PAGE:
Wednesday, March 06, 2013

Rumor Mill Cranking Away...

I love rumors.  They drive speculation and specsmanship in weird and odd ways.  People seem to love talking about things that may never ever be true.  I must be one of them.

There's a rumor concerning Sony's yet to be announced full frame (FF) NEX costing more than 3000USD when it comes out (sometime in 2014?).  It's gotten tongues wagging.

Louvre ~ Detail

I love the idea of moving away from my current Canon FF DSLR. The camera body is heavy and the lenses are quite large.  The system retains it's world class image quality and overall system performance.  My cameras and lenses still crank out work that is the equal of just about anything Phase One makes in medium format sensored systems (Mamiya and Fujiblad come to mind).

Yet, projecting into the future, I can see I would have more than a few questions about a new Sony FF mirrorless camera.  Yes, it could be small.  Yes, it could be light.  But...

If a Sony FF NEX mirrorless camera is introduced costing more than 3000USD, it had better have a LOT of compelling features to get me to switch.  I have a lot of money invested in the current system.  So the important question will be, what differentiates a FF NEX from non-mirrorless?  Something that neither Canon nor Nikon FF DSLR already have years of product development behind?  It's difficult to see that happening from this point of view.

Louvre ~ Detail

If, OTOH, Sony took a huge leap and dropped the Android OS onto their FF mirrorless with full WiFi, then they'd have my attention.  I have blogged a little about the impact of portability and the availability of image processing software for iPhones and Android-based mobiles.  I continue to feel the opportunity to edit and upload work onto the 'net straight off the camera is ripe and appropriate for high-end excellent image quality photographic systems.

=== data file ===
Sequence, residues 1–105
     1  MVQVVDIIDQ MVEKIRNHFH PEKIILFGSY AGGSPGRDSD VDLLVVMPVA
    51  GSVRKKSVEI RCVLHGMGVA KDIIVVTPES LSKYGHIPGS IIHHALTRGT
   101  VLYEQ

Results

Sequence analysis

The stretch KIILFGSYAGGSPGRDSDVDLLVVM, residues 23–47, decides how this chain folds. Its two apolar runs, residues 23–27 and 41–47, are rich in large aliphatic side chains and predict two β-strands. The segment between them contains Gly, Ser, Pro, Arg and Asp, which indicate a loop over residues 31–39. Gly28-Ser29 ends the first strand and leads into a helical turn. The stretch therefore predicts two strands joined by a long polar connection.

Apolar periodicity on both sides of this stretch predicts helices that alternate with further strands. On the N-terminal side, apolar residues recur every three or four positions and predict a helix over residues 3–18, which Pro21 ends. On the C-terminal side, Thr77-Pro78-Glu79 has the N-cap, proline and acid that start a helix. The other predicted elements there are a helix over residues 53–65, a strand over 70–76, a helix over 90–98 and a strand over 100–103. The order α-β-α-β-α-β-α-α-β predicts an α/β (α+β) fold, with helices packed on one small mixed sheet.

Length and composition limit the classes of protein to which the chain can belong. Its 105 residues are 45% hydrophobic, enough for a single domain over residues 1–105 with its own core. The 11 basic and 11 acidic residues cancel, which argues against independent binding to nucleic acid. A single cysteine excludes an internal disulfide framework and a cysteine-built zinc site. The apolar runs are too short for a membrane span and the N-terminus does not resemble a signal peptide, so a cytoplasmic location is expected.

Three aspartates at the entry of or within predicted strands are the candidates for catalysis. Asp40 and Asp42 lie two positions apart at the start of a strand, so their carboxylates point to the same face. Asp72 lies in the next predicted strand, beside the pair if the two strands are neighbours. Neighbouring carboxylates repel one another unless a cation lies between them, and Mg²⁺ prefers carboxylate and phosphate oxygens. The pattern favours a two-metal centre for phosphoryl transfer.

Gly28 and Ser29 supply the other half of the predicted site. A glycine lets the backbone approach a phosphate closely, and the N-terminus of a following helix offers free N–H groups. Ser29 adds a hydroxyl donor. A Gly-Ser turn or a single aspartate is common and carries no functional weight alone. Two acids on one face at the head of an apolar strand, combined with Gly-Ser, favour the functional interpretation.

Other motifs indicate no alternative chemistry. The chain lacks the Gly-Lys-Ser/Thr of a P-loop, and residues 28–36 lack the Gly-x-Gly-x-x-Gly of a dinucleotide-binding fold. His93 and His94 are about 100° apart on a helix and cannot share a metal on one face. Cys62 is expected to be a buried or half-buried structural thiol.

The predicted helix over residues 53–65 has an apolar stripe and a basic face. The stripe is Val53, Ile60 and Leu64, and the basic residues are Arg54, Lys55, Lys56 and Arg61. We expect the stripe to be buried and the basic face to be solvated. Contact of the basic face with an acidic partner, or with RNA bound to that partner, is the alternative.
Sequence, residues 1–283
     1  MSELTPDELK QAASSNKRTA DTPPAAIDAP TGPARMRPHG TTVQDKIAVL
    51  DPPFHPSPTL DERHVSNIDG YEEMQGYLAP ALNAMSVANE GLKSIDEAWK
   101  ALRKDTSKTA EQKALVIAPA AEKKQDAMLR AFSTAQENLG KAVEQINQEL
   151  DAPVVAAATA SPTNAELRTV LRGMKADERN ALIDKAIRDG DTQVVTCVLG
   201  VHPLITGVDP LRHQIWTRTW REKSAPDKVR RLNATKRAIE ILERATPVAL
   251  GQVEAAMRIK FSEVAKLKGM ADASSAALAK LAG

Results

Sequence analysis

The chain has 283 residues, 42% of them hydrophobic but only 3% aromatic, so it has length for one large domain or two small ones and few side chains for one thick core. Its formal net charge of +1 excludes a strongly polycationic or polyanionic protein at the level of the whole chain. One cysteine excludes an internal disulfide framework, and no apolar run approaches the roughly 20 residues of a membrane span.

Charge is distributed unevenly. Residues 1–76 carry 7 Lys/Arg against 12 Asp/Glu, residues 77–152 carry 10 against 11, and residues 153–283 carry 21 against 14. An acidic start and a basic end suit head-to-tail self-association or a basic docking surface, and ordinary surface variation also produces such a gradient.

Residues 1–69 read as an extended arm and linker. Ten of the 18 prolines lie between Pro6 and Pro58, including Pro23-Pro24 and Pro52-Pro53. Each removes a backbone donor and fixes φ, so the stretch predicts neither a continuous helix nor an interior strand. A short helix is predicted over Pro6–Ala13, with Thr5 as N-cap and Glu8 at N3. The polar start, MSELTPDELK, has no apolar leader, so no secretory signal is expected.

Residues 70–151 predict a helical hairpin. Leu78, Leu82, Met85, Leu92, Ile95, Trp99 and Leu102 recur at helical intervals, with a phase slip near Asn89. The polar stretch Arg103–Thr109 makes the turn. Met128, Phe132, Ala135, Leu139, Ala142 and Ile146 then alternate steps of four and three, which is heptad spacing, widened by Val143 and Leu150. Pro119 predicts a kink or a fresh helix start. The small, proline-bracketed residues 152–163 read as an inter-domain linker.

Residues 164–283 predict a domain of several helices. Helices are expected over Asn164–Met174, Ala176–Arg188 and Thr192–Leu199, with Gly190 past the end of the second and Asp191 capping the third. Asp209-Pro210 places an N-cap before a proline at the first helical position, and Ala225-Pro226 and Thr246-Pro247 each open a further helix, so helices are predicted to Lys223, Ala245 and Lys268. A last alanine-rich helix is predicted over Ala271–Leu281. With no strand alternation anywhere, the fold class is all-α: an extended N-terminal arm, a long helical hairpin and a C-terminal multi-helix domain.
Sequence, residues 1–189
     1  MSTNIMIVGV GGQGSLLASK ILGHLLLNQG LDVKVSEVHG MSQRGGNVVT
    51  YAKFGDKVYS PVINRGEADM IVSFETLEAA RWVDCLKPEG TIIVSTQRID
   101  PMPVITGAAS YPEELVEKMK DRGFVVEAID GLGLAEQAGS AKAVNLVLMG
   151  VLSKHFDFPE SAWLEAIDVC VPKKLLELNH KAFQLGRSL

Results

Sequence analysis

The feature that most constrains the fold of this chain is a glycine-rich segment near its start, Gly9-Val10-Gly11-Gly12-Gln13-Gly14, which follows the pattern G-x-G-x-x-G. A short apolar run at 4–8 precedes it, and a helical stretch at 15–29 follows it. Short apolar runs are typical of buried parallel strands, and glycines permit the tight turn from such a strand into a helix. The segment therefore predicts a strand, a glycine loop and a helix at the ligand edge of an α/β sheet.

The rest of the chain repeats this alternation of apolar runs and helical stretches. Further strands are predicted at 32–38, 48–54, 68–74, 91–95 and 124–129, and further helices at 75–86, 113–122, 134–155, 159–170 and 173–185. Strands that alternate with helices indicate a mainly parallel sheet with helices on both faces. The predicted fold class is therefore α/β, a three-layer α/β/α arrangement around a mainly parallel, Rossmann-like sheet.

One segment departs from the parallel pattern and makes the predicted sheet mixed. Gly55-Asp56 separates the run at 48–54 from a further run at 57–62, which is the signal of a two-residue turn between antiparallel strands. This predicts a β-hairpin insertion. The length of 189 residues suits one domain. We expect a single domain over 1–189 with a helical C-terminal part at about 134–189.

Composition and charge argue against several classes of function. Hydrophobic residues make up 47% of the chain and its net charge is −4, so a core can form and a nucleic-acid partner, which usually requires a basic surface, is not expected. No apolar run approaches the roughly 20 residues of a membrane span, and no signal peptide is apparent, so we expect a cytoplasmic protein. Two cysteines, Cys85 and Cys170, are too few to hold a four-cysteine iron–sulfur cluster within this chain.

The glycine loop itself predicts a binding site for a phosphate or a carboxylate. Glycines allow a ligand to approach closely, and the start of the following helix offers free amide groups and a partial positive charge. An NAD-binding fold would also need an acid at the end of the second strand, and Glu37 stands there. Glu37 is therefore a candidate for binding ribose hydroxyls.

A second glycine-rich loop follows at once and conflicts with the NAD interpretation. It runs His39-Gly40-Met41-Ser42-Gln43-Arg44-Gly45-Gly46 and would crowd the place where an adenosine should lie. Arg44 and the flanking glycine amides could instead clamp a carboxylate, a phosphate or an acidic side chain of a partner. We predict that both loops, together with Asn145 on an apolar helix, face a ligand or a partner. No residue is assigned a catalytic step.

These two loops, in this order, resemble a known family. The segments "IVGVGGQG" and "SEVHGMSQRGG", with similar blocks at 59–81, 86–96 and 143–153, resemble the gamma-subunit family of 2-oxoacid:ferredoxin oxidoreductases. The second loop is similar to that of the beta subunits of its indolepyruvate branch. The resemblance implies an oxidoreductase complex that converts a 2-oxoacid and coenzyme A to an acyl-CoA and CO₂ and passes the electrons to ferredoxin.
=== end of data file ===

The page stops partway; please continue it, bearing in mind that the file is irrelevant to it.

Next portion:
Given any reservations I might have about a Sony FF mirrorless, what I see is that they could help FF DSLR users transition away from Canon/Nikon if they offered a small interchangeable lens FF NEX that undercut the cost of the 6D/D600 cameras.  That way people could throw a Sony FF NEX into their bag and not take such a huge hit in transition costs to a new system all at once.

AND, this is extremely important to me, any new FF mirrorless would have to perform at least as good as my current systems in a studio.  This includes being able to easily trigger lighting systems as well as being able to focus accurately in low light (the typical background light intensity that I use so as to no contribute to the effect of the light setup).

Louvre ~ Detail

As I said at the outset, this is all speculation.  Sony is known to be in the process of roto-tilling it's imaging system roadmap.  The success of their NEX and RX1 cameras and the sagging sales of their DLSRs seem to be the prompt.  We shall see what we shall see, eh?

Side note:  The images posted along with this blog entry were made using one of my two Sony NEX5 APS-C sized sensored cameras.  I mounted large aperture Nikon manual focus lenses (pre-AiS) to the NEX and wandered the Louvre.  In this setting, the image quality is truly outstanding as I have the time to focus accurately and there is enough light to allow low ISO to be used, even at these wide aperture settings.

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